There’s a tweet doing the rounds at the moment about the experience of loving a book but not remembering a single thing about it. As relatable content goes, it was absolutely on the money for me. I can confidently declare that I loved reading something and have no recollection of the plot or anyone’s names. It happens with nonfiction, too. I won’t be able to recall most details or even broad strokes about something I enjoyed. But that’s with a few notable exceptions. I know how I understood the world before reading Julia Serano’s first nonfiction book, Whipping Girl, in 2014 and I distinctly remember feeling like I saw and understood it better afterward. Reading the cult nonfiction book about transmisogyny — about the ways that gender, gender expression, and sex are intertwined but not bound to each other, and the scapegoating of femininity — felt like scales falling from my eyes. Before Instagram-friendly slideshows and viral TikToks, it showed me how the experiences of cis women and trans womenintersect, how our understanding of gender is influenced and why femininity is demonized by the world around us. It’s informed my feminism and my thinking ever since.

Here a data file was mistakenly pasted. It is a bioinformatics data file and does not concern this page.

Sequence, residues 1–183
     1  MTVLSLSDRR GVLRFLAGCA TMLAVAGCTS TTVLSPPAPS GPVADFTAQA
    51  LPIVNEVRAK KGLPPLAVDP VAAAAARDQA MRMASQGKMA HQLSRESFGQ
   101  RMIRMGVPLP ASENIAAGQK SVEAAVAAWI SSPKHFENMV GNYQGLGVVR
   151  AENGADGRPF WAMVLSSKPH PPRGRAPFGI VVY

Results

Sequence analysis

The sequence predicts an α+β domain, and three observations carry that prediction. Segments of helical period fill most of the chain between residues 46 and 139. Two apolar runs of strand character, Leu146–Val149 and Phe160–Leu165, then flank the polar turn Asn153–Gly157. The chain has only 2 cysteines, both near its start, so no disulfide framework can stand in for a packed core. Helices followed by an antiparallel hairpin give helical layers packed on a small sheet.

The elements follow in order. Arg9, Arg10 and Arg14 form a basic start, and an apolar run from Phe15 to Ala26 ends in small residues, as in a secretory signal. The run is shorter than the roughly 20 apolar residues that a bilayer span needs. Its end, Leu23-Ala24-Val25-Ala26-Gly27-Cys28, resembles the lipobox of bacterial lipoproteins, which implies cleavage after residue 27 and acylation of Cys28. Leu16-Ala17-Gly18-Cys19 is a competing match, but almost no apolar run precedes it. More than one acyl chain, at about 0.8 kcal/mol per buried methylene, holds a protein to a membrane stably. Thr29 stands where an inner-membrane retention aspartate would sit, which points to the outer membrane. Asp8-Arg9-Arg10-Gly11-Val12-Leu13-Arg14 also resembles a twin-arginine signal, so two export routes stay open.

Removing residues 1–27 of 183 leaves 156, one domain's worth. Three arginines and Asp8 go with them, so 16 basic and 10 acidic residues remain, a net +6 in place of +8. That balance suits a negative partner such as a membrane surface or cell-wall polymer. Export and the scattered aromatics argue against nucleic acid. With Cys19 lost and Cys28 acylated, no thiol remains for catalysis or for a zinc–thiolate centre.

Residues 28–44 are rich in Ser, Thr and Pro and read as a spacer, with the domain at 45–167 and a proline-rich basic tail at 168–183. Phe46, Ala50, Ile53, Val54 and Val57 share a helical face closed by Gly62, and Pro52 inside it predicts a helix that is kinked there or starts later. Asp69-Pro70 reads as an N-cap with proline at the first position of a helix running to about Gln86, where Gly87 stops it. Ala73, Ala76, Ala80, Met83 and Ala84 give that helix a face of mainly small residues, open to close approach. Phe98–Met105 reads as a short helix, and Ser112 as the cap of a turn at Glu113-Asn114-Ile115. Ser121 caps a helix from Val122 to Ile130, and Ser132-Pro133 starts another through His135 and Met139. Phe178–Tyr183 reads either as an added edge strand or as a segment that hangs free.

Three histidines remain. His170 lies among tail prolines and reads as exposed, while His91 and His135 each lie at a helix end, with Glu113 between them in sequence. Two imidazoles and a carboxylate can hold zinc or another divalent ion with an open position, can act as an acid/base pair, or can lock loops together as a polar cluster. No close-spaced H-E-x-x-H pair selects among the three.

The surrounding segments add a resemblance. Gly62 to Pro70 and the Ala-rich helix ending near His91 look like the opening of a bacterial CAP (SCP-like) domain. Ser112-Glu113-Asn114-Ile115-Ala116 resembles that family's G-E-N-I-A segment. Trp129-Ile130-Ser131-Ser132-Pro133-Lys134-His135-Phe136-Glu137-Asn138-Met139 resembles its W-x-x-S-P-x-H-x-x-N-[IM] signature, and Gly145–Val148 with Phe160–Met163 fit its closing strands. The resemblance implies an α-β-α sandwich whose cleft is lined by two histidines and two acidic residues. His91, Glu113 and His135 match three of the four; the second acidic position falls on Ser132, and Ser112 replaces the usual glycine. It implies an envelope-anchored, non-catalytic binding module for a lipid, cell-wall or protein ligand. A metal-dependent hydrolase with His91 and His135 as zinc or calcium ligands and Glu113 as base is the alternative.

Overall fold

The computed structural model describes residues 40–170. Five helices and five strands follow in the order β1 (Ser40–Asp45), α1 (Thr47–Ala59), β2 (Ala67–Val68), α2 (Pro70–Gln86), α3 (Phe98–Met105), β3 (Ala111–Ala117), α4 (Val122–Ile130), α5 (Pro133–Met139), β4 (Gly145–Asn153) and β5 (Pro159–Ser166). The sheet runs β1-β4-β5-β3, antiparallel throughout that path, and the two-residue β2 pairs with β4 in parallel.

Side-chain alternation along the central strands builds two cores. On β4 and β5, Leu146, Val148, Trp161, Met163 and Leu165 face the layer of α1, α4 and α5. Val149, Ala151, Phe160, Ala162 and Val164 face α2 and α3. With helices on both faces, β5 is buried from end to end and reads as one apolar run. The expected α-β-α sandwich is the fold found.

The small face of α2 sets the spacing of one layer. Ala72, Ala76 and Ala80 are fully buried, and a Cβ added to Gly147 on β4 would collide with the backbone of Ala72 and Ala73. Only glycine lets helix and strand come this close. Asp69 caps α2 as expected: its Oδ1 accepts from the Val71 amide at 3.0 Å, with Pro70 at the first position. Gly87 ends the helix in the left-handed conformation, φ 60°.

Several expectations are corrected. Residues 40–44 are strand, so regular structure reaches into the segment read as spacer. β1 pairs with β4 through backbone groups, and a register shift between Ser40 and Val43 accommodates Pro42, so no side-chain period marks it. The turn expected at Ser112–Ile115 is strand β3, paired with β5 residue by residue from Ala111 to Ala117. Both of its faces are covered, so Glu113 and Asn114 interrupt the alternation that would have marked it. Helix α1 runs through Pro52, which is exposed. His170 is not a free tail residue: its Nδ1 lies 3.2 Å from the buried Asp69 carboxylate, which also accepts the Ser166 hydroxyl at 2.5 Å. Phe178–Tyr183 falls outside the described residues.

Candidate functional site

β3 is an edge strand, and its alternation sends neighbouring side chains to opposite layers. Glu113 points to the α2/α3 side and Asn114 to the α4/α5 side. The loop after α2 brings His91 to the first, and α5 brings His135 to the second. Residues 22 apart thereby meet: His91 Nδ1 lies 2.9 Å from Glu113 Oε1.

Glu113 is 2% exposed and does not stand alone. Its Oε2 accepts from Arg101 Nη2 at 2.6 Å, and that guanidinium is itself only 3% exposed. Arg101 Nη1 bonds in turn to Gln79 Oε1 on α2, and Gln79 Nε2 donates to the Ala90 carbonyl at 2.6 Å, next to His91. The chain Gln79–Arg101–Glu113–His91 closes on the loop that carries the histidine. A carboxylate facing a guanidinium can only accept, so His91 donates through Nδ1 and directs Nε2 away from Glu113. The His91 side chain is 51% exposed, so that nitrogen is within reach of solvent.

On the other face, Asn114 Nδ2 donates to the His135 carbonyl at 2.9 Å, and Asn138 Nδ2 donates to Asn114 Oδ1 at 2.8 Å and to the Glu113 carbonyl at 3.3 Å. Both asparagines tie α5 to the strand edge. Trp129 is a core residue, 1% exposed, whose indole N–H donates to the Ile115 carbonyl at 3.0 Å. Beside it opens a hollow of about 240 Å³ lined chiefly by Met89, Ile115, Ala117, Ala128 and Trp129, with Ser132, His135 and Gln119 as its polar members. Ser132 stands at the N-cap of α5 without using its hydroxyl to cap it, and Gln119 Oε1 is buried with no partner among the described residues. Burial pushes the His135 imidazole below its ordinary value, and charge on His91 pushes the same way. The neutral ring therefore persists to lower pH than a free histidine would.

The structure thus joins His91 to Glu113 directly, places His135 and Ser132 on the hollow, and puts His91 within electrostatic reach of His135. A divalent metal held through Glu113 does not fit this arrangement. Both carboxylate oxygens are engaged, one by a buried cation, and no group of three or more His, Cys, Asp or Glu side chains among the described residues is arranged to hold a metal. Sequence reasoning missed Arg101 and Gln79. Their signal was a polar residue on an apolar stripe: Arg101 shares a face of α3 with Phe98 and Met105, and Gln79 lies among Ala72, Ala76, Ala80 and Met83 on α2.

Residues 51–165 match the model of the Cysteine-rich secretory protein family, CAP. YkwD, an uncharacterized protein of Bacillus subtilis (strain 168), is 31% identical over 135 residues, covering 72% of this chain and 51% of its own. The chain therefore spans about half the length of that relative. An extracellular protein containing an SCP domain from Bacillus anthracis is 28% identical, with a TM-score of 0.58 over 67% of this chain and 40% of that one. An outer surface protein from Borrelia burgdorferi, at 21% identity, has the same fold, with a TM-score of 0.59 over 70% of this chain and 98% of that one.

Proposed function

I had the same experience reading Serano’s latest book, Sexed Up: How Society Sexualizes Us & How We Can Fight Back. In it, she breaks down what “sexualization” means and why it matters. Going in, I felt foggy about the definition but, as I read, I was shown mindsets that helped me to make sense of why certain men feel that women hold all the cards when it comes to sex. I was introduced to ways of thinking that resolved the tensions between sex-positiveand sex-negative feminism and I finally came to grips with why describing certain things as a “fetish” rings false to me.

The most impactful takeaway for me was Serano’s argument that the way in which men and women interact on an intimate level is inherently shaped by sexualization, which takes the form of the predator/prey mindset.